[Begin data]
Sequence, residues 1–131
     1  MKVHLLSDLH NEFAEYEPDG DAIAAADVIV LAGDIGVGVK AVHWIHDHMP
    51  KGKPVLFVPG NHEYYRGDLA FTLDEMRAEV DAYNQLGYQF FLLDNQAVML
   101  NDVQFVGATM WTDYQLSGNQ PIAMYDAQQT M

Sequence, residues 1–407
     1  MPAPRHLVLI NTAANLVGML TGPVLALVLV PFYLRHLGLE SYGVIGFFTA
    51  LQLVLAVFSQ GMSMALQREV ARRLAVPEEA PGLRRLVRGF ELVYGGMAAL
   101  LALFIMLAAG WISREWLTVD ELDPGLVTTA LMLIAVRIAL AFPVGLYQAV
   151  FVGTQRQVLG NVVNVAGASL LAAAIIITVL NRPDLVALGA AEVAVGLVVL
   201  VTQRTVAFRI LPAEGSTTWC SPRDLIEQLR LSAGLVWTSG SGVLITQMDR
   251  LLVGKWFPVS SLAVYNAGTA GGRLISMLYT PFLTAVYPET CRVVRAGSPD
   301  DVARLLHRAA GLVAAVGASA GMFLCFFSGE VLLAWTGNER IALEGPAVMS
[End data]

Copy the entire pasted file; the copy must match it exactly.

Sequence, residues 1–131
     1  MKVHLLSDLH NEFAEYEPDG DAIAAADVIV LAGDIGVGVK AVHWIHDHMP
    51  KGKPVLFVPG NHEYYRGDLA FTLDEMRAEV DAYNQLGYQF FLLDNQAVML
   101  NDVQFVGATM WTDYQLSGNQ PIAMYDAQQT M

Sequence, residues 1–407
     1  MPAPRHLVLI NTAANLVGML TGPVLALVLV PFYLRHLGLE SYGVIGFFTA
    51  LQLVLAVFSQ GMSMALQREV ARRLAVPEEA PGLRRLVRGF ELVYGGMAAL
   101  LALFIMLAAG WISREWLTVD ELDPGLVTTA LMLIAVRIAL AFPVGLYQAV
   151  FVGTQRQVLG NVVNVAGASL LAAAIIITVL NRPDLVALGA AEVAVGLVVL
   201  VTQRTVAFRI LPAEGSTTWC SPRDLIEQLR LSAGLVWTSG SGVLITQMDR
   251  LLVGKWFPVS SLAVYNAGTA GGRLISMLYT PFLTAVYPET CRVVRAGSPD
   301  DVARLLHRAA GLVAAVGASA GMFLCFFSGE VLLAWTGNER IALEGPAVMS